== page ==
US 7607842 B2
A hand held device that is connected to a precision instrument's handle or eye piece to bridge the connection between the operator and the instrument. With the device connected, the invention allows the instrument's operator to finely control the instrument's movement. Allowing the adjustment of the instrument's shot by pulling on the device instead of the instrument's handle or eyepiece. Elastic resilient tape is used to smoothly guide the fine movements of an instrument and reduce unwanted vibrations caused by an operator's hands. Using the device by operators of precision instruments is a simple task. The device's small, light weight, and easy to operate design can be made in different sizes to accommodate the various sizes of precision instruments, like cameras, telescopes, and transits. Moreover, the device can be sold individually for a low price.
1. A method of reducing vibration in the fine movement of a precision instrument secured to a tripod, by using a device having a main case, having a perimeter wall, said perimeter wall having an opening therein; a winding drum, installed inside said main case, said winding drum being rotatable in said main case; a length of resilient tape having a proximate end, a distal end and a width, the proximate end being secured to said winding drum; a resilient cord, having a width, attached to the distal end of said resilient tape; a cloth tab secured to said resilient cord; and a means for locking said winding drum, installed in said main case to temporarily prevent said winding drum from rotating comprising the steps of:
a) extending a length of resilient tape from said main housing;
b) securing said resilient tape to a tripod handle;
c) using said resilient tape to rotate an instrument on said tripod by pulling on said resilient tape.
2. The method of
3. The method of
a) during step c, using said doth tab on said resilient cord to pull said tripod handle in an opposite direction to that of the movement caused by pulling on said resilient tape, thereby creating a counter force; said counter force being used to further stabilize movement of said instrument.
4. The method of
5. The method of
6. The method of
a) after step a, opening said lock by extending said extendible flange;
b) placing a portion of the resilient tape onto said extendible flange; and
c) retracting said extendable flange, until said extendable flange is in a locked position, whereby said portion of the resilient tap is secured within said extendable flange.
7. The method of
8. The method of
9. The method of
1. Field of the Invention
This invention relates to a device for controlling the fine movement of delicate instruments such as cameras, telescopes, or surveying instruments mounted upon a base, and particularly to device for controlling the fine movement of delicate instruments utilizing a resilient retractable cord to effect such movement.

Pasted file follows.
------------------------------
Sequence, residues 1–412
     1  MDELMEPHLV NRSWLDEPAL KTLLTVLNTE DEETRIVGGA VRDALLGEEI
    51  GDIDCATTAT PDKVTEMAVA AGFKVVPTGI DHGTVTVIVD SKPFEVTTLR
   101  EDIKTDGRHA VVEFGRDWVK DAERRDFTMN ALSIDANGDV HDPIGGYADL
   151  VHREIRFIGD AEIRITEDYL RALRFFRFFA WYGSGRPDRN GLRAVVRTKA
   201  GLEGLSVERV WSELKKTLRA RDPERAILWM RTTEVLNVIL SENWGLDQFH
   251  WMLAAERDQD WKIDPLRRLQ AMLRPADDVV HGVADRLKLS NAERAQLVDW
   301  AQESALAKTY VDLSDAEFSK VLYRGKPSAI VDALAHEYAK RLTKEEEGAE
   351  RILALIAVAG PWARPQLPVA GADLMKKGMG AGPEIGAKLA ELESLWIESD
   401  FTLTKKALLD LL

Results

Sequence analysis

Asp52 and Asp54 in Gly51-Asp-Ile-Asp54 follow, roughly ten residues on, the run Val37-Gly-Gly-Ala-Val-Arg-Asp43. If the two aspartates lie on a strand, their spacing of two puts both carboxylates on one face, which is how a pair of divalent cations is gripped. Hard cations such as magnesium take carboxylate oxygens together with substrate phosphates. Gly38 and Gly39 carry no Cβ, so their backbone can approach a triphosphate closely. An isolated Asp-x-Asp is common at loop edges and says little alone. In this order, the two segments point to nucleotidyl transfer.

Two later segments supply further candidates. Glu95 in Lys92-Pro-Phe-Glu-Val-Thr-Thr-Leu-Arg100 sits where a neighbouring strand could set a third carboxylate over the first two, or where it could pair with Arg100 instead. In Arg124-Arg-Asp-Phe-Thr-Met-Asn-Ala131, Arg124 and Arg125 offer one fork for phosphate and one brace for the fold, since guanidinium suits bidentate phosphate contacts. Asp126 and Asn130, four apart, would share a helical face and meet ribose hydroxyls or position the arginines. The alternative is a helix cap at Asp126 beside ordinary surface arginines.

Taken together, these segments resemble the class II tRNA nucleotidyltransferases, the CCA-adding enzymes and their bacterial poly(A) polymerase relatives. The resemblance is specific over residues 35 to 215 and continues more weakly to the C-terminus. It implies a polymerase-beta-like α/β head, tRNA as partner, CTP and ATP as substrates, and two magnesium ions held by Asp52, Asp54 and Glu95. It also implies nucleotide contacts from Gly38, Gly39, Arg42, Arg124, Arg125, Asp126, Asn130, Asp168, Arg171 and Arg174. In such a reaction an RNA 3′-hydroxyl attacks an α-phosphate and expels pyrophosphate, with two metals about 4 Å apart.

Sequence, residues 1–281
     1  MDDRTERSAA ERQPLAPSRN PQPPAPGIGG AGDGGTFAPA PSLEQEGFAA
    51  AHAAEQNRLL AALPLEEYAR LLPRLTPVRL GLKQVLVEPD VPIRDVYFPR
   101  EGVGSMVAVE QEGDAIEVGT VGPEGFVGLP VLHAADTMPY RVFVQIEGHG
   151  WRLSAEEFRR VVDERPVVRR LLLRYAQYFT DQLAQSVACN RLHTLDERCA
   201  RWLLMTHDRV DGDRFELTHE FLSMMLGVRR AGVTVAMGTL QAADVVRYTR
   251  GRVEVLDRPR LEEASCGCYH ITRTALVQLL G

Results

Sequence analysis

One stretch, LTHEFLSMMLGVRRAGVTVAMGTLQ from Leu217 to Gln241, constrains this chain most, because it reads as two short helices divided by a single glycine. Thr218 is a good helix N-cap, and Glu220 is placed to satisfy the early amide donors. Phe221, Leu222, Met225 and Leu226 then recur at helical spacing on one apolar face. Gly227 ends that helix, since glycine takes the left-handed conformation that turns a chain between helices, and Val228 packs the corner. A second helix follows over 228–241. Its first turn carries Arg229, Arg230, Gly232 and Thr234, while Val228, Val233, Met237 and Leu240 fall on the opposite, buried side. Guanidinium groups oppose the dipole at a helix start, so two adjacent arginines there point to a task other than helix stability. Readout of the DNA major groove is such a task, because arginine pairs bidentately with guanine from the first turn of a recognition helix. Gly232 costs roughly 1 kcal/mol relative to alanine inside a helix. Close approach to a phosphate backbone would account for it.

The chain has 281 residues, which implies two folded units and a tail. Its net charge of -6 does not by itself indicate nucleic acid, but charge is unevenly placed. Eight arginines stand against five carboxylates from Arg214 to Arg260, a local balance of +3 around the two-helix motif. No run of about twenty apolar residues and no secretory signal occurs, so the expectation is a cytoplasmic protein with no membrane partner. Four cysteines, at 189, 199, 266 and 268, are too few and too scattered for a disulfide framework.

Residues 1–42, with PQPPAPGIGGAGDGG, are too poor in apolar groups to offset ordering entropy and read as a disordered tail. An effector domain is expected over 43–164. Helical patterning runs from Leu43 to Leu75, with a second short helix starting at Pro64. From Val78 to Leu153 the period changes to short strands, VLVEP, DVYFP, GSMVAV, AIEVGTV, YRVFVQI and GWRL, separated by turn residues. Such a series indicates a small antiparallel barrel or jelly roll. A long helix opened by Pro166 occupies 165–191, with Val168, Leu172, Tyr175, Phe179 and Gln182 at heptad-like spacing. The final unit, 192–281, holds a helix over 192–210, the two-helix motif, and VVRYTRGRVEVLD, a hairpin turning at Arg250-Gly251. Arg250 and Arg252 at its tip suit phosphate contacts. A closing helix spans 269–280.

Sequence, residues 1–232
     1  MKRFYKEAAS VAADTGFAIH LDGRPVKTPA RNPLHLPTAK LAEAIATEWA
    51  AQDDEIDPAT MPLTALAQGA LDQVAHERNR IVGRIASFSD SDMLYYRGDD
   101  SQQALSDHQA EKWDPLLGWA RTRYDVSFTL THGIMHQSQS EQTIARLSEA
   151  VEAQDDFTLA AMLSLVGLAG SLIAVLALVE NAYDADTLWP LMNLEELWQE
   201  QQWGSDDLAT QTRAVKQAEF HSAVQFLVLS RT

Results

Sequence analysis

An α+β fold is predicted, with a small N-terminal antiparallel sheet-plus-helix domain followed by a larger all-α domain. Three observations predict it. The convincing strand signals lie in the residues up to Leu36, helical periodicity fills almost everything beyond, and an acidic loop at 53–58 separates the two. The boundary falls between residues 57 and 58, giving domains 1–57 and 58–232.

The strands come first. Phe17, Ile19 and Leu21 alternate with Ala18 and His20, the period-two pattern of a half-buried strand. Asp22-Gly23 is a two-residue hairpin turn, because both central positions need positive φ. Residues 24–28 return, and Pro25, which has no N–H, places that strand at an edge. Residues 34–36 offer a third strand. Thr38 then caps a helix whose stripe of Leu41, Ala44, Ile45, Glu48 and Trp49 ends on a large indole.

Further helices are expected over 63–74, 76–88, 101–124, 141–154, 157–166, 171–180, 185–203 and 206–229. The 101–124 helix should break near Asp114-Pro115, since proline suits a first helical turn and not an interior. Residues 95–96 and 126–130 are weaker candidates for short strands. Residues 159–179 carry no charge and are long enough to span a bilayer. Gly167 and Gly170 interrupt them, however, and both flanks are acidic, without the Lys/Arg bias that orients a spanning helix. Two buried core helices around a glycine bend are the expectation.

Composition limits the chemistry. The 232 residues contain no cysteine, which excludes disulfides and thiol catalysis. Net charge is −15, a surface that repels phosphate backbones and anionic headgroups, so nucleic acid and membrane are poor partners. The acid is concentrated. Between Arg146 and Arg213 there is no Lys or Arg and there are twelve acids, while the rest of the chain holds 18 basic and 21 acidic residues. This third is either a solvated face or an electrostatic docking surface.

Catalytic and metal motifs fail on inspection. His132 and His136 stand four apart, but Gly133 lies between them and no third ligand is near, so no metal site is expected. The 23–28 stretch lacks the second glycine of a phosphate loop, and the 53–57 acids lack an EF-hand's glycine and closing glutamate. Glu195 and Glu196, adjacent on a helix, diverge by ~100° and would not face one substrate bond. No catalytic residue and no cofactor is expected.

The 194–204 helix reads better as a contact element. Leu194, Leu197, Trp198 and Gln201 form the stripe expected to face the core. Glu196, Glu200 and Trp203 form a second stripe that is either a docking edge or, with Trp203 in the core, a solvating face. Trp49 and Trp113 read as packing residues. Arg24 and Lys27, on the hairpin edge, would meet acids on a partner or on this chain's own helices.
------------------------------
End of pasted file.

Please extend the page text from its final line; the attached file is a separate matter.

2. Description of the Prior Art
Previously, professional and amateur operators of instruments such as cameras, telescopes, and surveying instruments commonly used their hands to move and make fine adjustments to the instrument. Typically, these instruments are mounted on a base, such as a tripod.
The instant invention overcomes these problems. It is a device that connects between the operator and the instrument to calm vibrations down while the operator moves the camera, telescope, transit, or the like. The device is useful in that it lets the operator to move a precision instrument smoothly, thereby preventing rapid, jerky, or unintentional movements. The device utilizes elastic tape to absorb the vibrations caused by the human hand and use of the device decreases the time and efforts of a video editor to cover up the problem of unstable video.
In this way, smooth movement of cameras and other precision instruments that are mounted on tripods can be obtained.
As discussed above, the length of the elastic tape is adjusted for the size and weight of the instrument. When a much lighter camera is used, the length of elastic tape removed from the drum is smaller. Moreover, for lighter instruments, a narrower tape can be used. Thus, the width of the tape is sized to match the equipment being controlled. For example, for small sized said precision instruments that are up to six pounds in weight the tape width is preferably about 0.125 inch. The resilient cord is preferably about 0.0781 inch. For medium sized precision instruments that are five to fifteen pounds in weight, the tape width is preferably about 0.2188 inch and the width of resilient cord is preferably about 0.0938 inch. For large sized precision instruments that are twelve to twenty pounds in weight, the tape width is preferably about 0.3438 inch and the width of resilient cord is preferably about 0.1094 inch or larger sized width of said resilient cord. For larger sized said precision instruments that are more than twenty pounds the tape width is preferably about 0.5 inch and the width of resilient cord is preferably about 0.125.
The present disclosure should not be construed in any limited sense other than that limited by the scope of the claims having regard to the teachings herein and the prior art being apparent with the preferred form of the invention disclosed herein and which reveals details of structure of a preferred form necessary for a better understanding of the invention and may be subject to change by skilled persons within the scope of the invention without departing from the concept thereof.